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Microsoft misses own protocol, laptop fingerprint biometrics defeated in test

Microsoft misses own protocol, laptop fingerprint biometrics defeated in test

Microsoft’s Hello biometric authentication software has proven surprisingly fallible in a security test, requested by the software company, of three vendors’ laptops.

The challenge involved Microsoft’s Surface Pro Type Cover with an Elan fingerprint sensor, Lenovo’s ThinkPad T14s with a Synaptics sensor and Dell’s Inspiron 15 loaded with a Goodix. Each chip performs the biometric match in-sensor.

Blackwing Intelligence performed three months of testing that “resulted in three 100% reliable bypasses” of Hello authentication. Its researchers confessed surprise that of the three setups the Surface Pro fell easiest.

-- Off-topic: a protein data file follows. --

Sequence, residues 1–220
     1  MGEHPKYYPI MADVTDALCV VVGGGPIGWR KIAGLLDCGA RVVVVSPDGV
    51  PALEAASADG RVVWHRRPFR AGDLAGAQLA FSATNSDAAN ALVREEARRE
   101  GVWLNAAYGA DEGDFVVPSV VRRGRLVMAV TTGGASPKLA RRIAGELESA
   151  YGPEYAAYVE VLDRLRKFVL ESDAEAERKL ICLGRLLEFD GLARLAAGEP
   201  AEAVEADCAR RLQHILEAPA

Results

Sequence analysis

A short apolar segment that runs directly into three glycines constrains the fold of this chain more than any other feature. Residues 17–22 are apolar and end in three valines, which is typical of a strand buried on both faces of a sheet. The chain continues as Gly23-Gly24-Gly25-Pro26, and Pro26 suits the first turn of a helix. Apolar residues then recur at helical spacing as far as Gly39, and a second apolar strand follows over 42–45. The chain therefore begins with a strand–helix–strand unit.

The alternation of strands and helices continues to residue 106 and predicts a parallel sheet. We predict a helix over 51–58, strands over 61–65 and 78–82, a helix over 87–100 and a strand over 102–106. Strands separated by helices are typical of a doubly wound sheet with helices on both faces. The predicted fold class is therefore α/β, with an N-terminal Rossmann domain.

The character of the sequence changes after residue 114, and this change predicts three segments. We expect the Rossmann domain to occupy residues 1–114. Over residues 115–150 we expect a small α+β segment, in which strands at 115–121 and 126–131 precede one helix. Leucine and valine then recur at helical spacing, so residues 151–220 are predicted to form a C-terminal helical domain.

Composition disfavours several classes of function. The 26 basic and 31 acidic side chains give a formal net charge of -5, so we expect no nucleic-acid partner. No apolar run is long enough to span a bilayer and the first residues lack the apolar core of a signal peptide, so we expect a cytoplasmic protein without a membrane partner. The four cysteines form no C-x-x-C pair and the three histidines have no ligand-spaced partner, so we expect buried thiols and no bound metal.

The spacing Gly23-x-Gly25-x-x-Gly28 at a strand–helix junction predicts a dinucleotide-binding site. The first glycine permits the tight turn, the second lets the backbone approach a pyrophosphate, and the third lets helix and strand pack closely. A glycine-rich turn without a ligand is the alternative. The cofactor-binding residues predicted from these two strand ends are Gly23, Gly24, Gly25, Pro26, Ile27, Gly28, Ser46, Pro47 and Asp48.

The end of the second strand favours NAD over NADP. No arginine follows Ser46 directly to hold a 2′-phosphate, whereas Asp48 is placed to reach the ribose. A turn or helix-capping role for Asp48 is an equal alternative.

They have documented what they found in detail and say they will go even deeper with a follow-up report.

At the risk of oversimplification, it seems that the common element tied to each biometric hack is Microsoft’s Secure Device Connection Protocol. The protocol is standards and secure-communication rules.

In all three cases, the protocol was insufficiently enabled, or the system was architected in a way that it was sidelined. It was, in fact, not implemented in the Surface Pro – Microsoft’s Surface Pro.

Closing this hole is easy for vendors. Blackwing says they just have to enable the protocol. And for good measure, the researchers say, get an independent audit of the software implementation before a white hat firm starts digging around.

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